/ 13 October 2016

Exhibition airs South Africa’s dirty laundry

Since we embarked on the project
Since we embarked on the project


As part of an upcoming exhibition and installation, other artists and I will string up thousands of pairs of used underwear in the streets of Maboneng, Johannesburg. And after that, I’m putting on a wedding dress made of panties.

The point? To start a very public and very open dialogue during 16 Days of Activism, a dialogue about what rape in South Africa looks like. This is the sort of difficult-to-ignore discussion that will attempt to connect to the greater narrative of South Africa through art.

Jenny Nijenhuis and I met in one of those ways that artists and Jungians call synchronicity. I was working on a dance piece after winning my first award and she was working on her first solo exhibition. Even though we are both artists, we had both been doing other work to pay the bills. Nijenhuis had a long career in marketing and I was teaching full time and writing about the arts for a local magazine. We both knew this was not enough.

We met at the gallery where she was meticulously setting up her show. Titled Masters of Misdirection, it characterised the complex relationships between people and the relationships people have with themselves. When I saw the works, I felt tears well up in my eyes.

They were telling a story I knew – a story I was telling in my own work. Nijenhuis and I spoke about her work, about mythology and archetypes, and how people gain access to ways of being through the collective unconscious. We spoke about the path towards artistic freedom and about freedom itself.

Freedom, for Jenny, was a false myth. It had been denied her as a young girl when she was sexually assaulted. It would be months later that, suddenly, during a rehearsal, I remembered the event of my molestation as a six-year-old. My art had forced me to look into my own fear-stricken eyes and see my six-year-old self so I could remember my freedom to choose a different life.

But, before I left the gallery that day, I knew we would work together to bring our stories, and stories like ours, together. I had no idea how, until she emailed me a year later. She, too, felt that we had something to say, together.

The show we are working on, South Africa’s Dirty Laundry, began with conversations – between us and other women expressing the need to make art to help us cope with the feeling of an inability to deal with life and interactions with others. These stories were seeking the light. The narrative needed to be shared.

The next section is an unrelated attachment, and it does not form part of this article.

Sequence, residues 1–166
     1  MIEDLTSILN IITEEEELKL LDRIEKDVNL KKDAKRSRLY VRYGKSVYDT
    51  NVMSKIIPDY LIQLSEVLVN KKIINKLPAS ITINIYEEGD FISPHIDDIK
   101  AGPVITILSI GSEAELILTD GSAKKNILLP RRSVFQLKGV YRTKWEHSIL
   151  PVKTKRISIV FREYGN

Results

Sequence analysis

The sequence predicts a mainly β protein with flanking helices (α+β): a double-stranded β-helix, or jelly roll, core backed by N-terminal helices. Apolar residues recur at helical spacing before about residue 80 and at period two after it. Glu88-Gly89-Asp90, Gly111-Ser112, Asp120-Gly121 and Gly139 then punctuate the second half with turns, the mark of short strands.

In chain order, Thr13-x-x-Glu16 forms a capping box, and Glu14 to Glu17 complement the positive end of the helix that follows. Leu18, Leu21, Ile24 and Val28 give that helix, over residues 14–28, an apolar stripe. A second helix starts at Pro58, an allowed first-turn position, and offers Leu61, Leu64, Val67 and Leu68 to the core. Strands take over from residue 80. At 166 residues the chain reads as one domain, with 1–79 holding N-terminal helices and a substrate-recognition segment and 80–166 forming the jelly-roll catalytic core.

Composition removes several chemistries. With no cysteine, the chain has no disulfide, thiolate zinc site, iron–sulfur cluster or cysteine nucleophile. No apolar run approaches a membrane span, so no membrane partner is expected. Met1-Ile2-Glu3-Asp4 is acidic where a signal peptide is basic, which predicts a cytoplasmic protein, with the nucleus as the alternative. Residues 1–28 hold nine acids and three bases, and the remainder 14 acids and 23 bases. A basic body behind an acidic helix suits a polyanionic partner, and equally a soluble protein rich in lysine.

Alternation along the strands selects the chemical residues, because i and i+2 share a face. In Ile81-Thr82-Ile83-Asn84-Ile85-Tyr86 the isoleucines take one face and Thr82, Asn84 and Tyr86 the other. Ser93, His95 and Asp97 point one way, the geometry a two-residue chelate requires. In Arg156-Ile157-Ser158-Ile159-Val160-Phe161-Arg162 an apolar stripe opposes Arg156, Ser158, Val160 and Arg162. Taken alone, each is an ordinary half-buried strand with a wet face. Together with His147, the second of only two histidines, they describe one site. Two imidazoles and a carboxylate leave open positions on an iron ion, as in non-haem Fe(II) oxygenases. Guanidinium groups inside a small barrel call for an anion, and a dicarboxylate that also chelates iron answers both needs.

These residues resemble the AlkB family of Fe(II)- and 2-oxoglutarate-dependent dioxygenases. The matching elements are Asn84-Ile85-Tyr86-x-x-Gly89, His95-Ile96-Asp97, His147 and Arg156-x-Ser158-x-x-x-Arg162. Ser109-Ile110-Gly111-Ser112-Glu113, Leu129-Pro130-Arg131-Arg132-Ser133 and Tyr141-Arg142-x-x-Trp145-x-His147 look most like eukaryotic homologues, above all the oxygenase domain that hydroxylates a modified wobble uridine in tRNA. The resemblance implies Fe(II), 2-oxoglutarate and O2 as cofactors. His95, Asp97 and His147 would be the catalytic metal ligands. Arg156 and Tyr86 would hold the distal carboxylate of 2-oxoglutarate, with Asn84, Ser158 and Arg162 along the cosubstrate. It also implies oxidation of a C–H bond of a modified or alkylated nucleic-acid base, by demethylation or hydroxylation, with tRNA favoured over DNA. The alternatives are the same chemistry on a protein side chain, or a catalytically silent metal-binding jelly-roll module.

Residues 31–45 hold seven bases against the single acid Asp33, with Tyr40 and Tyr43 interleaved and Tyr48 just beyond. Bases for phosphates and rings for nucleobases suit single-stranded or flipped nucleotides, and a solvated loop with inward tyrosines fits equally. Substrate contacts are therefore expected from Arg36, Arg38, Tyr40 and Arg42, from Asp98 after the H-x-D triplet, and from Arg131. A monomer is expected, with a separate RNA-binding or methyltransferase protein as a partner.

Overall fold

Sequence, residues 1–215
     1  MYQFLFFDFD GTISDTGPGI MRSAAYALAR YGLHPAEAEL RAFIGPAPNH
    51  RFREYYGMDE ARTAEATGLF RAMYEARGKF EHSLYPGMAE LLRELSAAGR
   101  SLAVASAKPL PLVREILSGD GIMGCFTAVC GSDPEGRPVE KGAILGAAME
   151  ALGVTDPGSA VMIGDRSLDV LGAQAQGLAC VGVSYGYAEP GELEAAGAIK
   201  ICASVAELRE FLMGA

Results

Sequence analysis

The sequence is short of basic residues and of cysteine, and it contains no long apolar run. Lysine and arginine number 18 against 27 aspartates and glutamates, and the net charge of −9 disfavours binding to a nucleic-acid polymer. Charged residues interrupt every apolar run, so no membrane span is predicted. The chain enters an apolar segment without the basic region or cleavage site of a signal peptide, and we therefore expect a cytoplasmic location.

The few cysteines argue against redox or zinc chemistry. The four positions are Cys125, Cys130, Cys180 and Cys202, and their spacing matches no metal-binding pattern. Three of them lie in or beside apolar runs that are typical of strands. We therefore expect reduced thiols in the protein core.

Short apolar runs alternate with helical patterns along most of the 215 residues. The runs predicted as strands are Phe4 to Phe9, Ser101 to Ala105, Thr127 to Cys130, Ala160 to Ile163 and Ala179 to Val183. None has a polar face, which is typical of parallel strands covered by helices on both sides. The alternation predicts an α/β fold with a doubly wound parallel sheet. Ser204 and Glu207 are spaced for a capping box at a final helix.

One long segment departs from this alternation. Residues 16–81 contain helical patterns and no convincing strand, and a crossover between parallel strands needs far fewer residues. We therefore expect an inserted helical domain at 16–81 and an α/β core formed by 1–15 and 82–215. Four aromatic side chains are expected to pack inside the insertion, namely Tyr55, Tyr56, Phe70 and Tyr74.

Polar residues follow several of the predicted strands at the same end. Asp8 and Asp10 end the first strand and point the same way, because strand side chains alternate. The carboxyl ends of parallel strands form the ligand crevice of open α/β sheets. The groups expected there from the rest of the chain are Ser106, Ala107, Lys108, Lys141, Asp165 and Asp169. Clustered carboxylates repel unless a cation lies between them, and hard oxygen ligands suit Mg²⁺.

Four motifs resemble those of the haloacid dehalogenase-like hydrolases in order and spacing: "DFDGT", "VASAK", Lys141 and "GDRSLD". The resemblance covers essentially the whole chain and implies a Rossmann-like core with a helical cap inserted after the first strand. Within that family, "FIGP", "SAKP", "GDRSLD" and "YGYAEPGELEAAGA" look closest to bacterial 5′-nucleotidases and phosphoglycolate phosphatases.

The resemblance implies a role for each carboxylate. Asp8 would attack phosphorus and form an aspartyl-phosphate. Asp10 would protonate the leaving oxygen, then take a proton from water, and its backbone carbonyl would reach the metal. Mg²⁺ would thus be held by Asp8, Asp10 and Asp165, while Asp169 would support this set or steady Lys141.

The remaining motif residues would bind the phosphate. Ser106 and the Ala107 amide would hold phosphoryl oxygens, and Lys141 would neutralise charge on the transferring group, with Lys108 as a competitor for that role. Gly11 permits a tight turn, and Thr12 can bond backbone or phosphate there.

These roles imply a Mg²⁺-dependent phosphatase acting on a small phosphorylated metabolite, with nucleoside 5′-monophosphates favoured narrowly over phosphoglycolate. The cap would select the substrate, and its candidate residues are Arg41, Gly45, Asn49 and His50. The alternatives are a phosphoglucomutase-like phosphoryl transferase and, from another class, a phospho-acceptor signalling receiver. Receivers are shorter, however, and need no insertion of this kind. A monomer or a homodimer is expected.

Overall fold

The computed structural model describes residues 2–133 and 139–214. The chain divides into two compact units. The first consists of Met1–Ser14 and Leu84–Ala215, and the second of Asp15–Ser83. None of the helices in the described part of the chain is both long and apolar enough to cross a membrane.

It was in this attempt to counteract the historical silence on issues of rape that we found the inspiration to produce art, not for the sake of commodity or reward, but to be gifted, to be shared.

When Jenny emailed me again, she was doing research on rape and I was doing research on rape trauma syndrome. We were distressed by the deluge of stories we were reading, particularly those about rapes gone unpunished. Perpetrators rarely faced the law. With experts on rape in South Africa confounded by muddled reporting systems, which make the incidents difficult to quantify, one statistic starkly stared back at us. A 2010 study by the Medical Research Council found that just one in 25 in Gauteng even reported rape. Extrapolated from figures at the time, it could have meant that up to 3 600 people in South Africa were raped every day. We were one of South Africa’s horrific statistics.

Jenny’s installation will place 3 600 pieces of used underwear on washing lines across the streets of Maboneng, ending at SoMa Art + Space, where I will perform On the Line, a meditation in a wedding dress made of panties, outside SoMa.

Along with the installation, various “artivism” events will take place in the streets of the precinct from November 25 to December 4 and an open call has been put out to other artists who want to share their stories of rape through different artistic forms, culminating in an exhibition at SoMa, The Things We Do For Love.

Since we embarked on the project, the response from women – donating their used panties and their stories of sexual abuse – and civil society has been overwhelming.

Taking part in the project are People Opposing Women Abuse, the Gender Equity Office, Drama for Life, Big Fish School of Filmmaking, the Maboneng Precinct, Amnesty International, Women for Afrika, I Love Westdene, Jozi Real Food Market, the Mail & Guardian, and more. We hope that exposing South Africa’s dirty laundry through art will help to shift the status quo.

For more about underwear donation or the call to artists, go to pantiesplea.co.za. The curators are also asking for new underwear to be given to rape crisis organisations for survivor care packs. For more about SoMa Art + Space, go to somaartspace.co.za